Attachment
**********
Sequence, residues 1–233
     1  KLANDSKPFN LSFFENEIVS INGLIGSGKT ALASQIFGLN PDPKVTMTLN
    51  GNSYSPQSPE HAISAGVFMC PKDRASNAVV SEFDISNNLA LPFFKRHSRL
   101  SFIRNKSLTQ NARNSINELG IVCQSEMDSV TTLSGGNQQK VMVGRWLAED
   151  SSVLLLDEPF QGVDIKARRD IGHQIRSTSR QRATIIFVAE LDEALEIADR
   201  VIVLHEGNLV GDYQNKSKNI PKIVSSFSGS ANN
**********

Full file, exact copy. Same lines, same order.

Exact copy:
Sequence, residues 1–233
     1  KLANDSKPFN LSFFENEIVS INGLIGSGKT ALASQIFGLN PDPKVTMTLN
    51  GNSYSPQSPE HAISAGVFMC PKDRASNAVV SEFDISNNLA LPFFKRHSRL
   101  SFIRNKSLTQ NARNSINELG IVCQSEMDSV TTLSGGNQQK VMVGRWLAED
   151  SSVLLLDEPF QGVDIKARRD IGHQIRSTSR QRATIIFVAE LDEALEIADR
   201  VIVLHEGNLV GDYQNKSKNI PKIVSSFSGS ANN